RESULTS FROM THE PIERRE AUGER OBSERVATORY

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1 RESULTS FROM THE PIERRE AUGER OBSERVATORY L. PERRONE FOR THE PIERRE AUGER COLLABORATION Università del Salento and INFN Lecce, via per Arnesano, I-73100, Lecce, Italy The Pierre Auger Observatory has been designed to investigate the origin and the nature of Ultra High Energy Cosmic Rays using a hybrid detection technique. It is located on a plateau in the Province of Mendoza, Argentina, and consists of a surface array of about 3000 km 2 overlooked by 24 air fluorescence telescopes grouped in 4 sites which together provide a powerful instrument for air shower reconstruction. The southern of the Auger Observatory has been completed in June 2008 and it is taking data smoothly since A review of selected results is presented with the emphasis given to the measurement of energy spectrum, chemical composition and search for photon and neutrinos as primary particles. 1 Introduction The knowledge of high energy cosmic-rays energy spectrum, arrival directions and mass composition is relevant for the understanding of radiation production and particle acceleration mechanisms in astrophysical sources as Supernovae Remnants, Active Galactic Nuclei and Gamma Rays Bursts. Despite several models have been proposed along the past years (see for example 1 for an exhaustive review on particle acceleration mechanisms in astrophysical sources), the origin of the highest energy cosmic rays is still an open issue. The observation of extensive air showers and the study of their potential for inferring the properties of primary particles is already documented in the pioneering works coming back to the forties and the sixties 2,3. The all particle cosmic-rays energy spectrum follows a power law over many orders of magnitude and events with energy exceeding ev have been observed for more than 40 years 4. However, since the flux is extremely low (1 particle sr 1 century 1 km 2 at energy larger than ev) very large detection areas and long observation time are needed to collect a sensible number of events. At the highest energies the spectrum exhibits several interesting features with remarkable astrophysical implications. A steepening of the flux called the knee appears at about ev, likely due to the leakage from galaxy of charged particles. At energies larger than ev the strength of galactic magnetic field is not sufficient to confine the lightest particles within the galaxy. The KASCADE-Grande experiment 5 measured the knee for protons and for heavier particles giving an experimental evidence of this hypothesis. A flattening of the spectrum called the ankle emerges at about ev, followed by a flux suppression at ultra high-energies. The ankle may be an indication of the transition from a galactic to an extra-galactic component, but the interpretation of this feature is still controversial. Theories describing the ankle can be roughly grouped in two classes, the ones assuming that cosmic rays are mainly protons 6, and the others favoring a mixed composition of protons with heavier nuclei 7. No models can exhaustively explain all the features of the spectrum or interpreting them in a consistent way. Another open problem was the existence of flux suppression at energy larger than ev. This feature is called GZK cut-off. It was predicted as a consequence of the interaction of high-energy particles with the cosmic microwave background 8. Other theories based on supersymmetry do expect instead a not negligible flux of ultra high-energy particles from decay of topological defects or through more exotic scenarios 9. The flux suppression observed by the HiRes telescope 10 was not confirmed by the results of AGASA array 11. The two experiments used different and independent techniques, HiRes observed the longitudinal profile of air showers by measuring the fluorescence light emitted along shower propagation through the atmosphere, AGASA was a surface array measuring the arrival time of secondary particles at ground. A fast progress has been made in the last years, also due to high statistics hybrid data from the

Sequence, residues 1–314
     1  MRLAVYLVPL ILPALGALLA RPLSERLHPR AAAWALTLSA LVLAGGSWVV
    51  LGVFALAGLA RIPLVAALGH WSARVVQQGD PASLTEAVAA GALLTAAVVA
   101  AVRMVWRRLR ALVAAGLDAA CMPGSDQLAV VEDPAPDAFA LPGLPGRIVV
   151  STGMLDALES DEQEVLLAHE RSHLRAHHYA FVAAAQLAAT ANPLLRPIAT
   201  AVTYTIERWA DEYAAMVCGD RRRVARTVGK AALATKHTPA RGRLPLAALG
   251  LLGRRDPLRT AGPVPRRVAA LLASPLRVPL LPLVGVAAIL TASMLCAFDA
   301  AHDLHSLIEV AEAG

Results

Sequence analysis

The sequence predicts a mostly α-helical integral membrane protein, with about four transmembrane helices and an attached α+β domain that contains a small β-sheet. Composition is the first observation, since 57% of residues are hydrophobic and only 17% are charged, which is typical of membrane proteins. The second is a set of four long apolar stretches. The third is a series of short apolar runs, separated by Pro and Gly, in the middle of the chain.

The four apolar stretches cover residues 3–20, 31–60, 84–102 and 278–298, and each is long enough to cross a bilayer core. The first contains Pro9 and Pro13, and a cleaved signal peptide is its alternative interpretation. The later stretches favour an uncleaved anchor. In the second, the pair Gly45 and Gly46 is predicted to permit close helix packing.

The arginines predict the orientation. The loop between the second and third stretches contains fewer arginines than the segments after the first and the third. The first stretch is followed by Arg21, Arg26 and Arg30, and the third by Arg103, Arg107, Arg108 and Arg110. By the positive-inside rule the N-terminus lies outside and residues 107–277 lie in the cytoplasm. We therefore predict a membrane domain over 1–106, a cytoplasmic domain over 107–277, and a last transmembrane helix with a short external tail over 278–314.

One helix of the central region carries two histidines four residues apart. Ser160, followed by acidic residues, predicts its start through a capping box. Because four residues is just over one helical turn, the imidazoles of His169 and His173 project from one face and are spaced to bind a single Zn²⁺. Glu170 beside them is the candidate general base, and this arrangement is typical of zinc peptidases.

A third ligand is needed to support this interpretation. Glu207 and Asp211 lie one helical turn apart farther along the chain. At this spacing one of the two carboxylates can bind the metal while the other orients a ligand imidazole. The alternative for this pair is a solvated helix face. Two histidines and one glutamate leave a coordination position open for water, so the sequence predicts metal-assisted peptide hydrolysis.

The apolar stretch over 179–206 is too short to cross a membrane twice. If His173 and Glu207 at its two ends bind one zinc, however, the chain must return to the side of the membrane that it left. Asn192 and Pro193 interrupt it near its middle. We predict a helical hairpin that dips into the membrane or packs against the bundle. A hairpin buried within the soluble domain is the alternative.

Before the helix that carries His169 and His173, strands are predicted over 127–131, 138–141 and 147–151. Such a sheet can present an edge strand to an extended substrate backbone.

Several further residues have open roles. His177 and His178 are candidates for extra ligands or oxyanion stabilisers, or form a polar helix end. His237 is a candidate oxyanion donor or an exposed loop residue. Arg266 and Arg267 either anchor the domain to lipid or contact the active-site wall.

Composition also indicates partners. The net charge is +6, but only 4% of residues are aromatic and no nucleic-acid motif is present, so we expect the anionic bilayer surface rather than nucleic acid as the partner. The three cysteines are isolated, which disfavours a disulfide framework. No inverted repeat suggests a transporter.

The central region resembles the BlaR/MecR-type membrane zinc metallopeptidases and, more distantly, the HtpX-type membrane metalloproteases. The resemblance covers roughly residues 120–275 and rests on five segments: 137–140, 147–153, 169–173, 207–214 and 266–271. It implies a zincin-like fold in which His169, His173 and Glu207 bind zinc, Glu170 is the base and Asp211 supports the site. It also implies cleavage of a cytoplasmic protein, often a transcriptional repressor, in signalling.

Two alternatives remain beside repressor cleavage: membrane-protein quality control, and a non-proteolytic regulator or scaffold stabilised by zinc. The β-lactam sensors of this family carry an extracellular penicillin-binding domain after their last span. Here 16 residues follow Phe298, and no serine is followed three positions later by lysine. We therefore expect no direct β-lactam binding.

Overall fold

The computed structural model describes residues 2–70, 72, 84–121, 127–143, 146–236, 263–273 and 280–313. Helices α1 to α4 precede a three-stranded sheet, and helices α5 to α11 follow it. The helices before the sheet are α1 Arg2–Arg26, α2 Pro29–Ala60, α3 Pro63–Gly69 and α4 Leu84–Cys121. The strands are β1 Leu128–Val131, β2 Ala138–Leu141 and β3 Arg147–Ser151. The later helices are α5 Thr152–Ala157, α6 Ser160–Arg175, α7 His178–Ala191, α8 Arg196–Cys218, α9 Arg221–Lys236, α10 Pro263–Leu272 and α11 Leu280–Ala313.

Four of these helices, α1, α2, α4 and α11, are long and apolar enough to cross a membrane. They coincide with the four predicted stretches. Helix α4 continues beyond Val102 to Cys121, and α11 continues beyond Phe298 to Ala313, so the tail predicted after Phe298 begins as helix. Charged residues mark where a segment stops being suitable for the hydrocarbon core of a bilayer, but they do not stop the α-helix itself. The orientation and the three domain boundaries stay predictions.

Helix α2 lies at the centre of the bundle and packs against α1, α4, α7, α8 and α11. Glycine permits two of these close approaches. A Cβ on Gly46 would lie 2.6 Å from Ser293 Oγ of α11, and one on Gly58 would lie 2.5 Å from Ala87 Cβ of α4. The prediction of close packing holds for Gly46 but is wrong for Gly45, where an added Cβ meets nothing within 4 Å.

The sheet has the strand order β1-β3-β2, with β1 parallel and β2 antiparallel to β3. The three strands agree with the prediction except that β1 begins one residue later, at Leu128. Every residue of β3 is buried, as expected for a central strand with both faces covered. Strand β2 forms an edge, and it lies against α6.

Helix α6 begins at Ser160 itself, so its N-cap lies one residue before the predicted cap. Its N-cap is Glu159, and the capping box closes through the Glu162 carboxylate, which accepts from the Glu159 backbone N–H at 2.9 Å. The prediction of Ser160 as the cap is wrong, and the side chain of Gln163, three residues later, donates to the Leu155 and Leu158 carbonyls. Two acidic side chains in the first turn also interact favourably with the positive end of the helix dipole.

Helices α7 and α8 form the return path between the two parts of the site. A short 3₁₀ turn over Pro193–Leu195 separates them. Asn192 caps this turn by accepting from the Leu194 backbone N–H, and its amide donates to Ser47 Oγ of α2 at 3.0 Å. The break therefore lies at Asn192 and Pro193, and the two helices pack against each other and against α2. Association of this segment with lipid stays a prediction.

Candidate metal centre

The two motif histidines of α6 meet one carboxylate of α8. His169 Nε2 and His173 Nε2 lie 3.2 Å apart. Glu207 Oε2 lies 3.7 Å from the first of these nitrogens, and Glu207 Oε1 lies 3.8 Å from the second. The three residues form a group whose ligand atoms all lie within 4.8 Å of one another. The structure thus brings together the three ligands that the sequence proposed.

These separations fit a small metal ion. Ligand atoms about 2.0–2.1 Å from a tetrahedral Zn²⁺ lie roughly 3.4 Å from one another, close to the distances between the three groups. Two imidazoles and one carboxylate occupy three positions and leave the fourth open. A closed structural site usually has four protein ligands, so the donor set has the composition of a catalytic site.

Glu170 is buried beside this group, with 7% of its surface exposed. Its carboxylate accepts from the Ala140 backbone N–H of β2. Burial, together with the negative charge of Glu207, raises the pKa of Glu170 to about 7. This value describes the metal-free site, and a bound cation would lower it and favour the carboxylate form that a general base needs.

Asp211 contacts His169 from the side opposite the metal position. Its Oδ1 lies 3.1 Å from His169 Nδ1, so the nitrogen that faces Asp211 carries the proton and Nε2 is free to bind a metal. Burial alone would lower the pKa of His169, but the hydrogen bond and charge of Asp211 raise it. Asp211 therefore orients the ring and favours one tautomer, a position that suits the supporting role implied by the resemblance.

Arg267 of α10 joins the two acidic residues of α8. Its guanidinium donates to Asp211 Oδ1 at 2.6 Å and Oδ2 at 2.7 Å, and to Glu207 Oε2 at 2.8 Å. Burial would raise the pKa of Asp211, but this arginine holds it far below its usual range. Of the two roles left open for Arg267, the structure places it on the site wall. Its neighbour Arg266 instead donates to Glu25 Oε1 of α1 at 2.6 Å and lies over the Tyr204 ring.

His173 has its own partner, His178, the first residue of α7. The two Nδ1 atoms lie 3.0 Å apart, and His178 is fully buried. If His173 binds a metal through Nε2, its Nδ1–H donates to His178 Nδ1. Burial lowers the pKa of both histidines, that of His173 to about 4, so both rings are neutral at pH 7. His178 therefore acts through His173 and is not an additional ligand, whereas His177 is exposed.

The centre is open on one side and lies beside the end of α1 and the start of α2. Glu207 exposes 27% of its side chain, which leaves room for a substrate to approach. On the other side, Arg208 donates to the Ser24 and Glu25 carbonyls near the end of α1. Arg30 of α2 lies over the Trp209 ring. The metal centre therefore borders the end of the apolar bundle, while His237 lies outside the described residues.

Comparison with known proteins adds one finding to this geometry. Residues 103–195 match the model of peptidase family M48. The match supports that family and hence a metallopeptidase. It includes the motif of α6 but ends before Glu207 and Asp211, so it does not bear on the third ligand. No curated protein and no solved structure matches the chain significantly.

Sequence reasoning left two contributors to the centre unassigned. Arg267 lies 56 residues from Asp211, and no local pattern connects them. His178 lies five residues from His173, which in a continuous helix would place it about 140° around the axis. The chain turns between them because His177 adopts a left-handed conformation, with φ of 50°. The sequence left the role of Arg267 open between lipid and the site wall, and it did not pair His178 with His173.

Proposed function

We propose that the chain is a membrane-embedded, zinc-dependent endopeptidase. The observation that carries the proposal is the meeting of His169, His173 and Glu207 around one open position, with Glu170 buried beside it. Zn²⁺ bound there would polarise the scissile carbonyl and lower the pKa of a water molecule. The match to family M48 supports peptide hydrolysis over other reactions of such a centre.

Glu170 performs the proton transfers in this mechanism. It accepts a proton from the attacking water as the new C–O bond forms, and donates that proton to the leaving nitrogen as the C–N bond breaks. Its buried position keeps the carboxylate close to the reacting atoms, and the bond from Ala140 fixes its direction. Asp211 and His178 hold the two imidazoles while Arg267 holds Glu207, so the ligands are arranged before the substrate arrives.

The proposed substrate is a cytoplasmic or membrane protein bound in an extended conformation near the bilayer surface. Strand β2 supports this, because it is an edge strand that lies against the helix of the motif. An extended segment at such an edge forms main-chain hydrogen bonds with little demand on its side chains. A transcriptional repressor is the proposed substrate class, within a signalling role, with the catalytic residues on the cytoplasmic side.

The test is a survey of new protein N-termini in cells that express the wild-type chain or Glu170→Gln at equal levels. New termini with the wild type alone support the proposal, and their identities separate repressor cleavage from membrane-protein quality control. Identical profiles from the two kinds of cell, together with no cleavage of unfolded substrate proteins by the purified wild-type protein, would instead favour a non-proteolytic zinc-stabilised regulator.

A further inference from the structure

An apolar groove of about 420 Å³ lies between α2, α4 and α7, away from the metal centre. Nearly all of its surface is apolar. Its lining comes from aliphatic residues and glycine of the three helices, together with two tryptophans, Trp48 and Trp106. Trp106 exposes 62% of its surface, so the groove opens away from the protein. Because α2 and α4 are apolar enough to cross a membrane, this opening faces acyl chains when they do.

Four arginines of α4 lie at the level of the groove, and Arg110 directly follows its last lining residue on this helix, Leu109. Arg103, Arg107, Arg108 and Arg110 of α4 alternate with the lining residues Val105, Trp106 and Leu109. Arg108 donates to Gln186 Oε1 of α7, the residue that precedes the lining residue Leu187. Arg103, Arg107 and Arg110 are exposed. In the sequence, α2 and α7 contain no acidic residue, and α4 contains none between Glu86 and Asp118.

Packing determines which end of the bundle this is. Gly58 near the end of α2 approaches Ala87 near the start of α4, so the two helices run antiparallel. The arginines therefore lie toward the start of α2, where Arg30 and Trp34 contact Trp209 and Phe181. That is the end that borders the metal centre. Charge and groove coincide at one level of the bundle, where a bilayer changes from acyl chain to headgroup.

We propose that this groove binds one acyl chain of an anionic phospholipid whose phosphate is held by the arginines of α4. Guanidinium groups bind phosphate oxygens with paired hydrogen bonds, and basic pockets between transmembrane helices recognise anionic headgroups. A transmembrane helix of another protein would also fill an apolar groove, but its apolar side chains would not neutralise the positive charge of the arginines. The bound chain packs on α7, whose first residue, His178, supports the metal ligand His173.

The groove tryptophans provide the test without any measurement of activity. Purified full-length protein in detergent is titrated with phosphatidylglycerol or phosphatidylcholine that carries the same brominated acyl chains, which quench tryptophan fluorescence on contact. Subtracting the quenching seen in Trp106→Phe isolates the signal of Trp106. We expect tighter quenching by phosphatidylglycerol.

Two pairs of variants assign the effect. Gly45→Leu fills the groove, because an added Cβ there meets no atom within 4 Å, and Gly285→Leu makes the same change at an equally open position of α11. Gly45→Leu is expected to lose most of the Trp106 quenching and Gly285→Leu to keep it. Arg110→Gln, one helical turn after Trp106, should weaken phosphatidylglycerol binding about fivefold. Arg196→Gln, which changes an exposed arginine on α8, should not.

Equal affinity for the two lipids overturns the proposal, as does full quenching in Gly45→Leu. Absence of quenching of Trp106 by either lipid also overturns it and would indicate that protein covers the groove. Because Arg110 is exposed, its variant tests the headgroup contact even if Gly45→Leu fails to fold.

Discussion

2 Figure 1: Layout of the southern site with the locations of the surface detector tanks. Also shown are the locations of the fluorescence observation sites with the f.o.v. of their telescopes. The blue region indicates the of the ground array currently in operation. All 24 telescopes distributed over the four sites Los Leones, Coihueco, and Loma Amarilla and Los Morados are in operation. An aerial view of Los Leones site is shown on the right Pierre Auger Observatory. Both, the HiRes and the Pierre Auger experiments have observed a flux suppression at the highest energies as expected from the GZK-effect 12,13. The Pierre Auger Observatory also reported an evidence of anisotropy of the arrival directions of the highest energy events 14. This result opens a completely new channel of investigation. At extremely high-energy, light charged particles are less deflected by the action of galactic and extragalactic magnetic field and they might point back to their astrophysical source. This picture would be consistent with the hypothesis that primary particles are dominated by a light component and it would nicely complement the observation of flux suppression at the highest energies. On the other hand, the measurements of atmospheric depth at shower maximum suggest rather a mixed composition with heavier nuclei 15, though the interpretation of such data is much more difficult due to the strong dependence on hadronic interaction models. The puzzle is still unsolved and it is complicated by the fact that the HiRes experiment doesn t confirm the observation of the anisotropy 16 reported by Auger. The measurement of hadronic interaction cross-sections at energies four orders of magnitude larger than the ones covered by current and future accelerators is an important goal to be achieved and it would help conciliating these results. Further analyses based on shower topology have been performed searching for photons 17,18 and neutrinos 19 as primary particles. No evidence has been found for both and the derived upper limits strongly constrain several top-down and dark-matter based models originally invoked to explain the possible absence of the GZK-effect in AGASA data. The encouraging outcome of the Observatory supports the proposal of a second detector to be built in the northern hemisphere (Colorado, USA). It would allow having a full coverage of the sky and larger statistics at the highest energies 20. As a final remark, new results in all the field investigated by the Pierre Auger Observatory are imminent and planned to be released by the next incoming International Cosmic Ray Conference. At the time this proceedings will be published, they have likely been made public. 2 The Pierre Auger Observatory The Pierre Auger Observatory employs a hybrid detection technique, allowing the reconstruction of extensive air showers with two complementary measurements. Indeed, the combination of information from the surface array and the fluorescence telescopes enhances the reconstruction capability of hybrid events with respect to the individual detector components. The surface detector array (SD) consists of 1600 water Cherenkov tanks on a regular hexagonal grid, cov-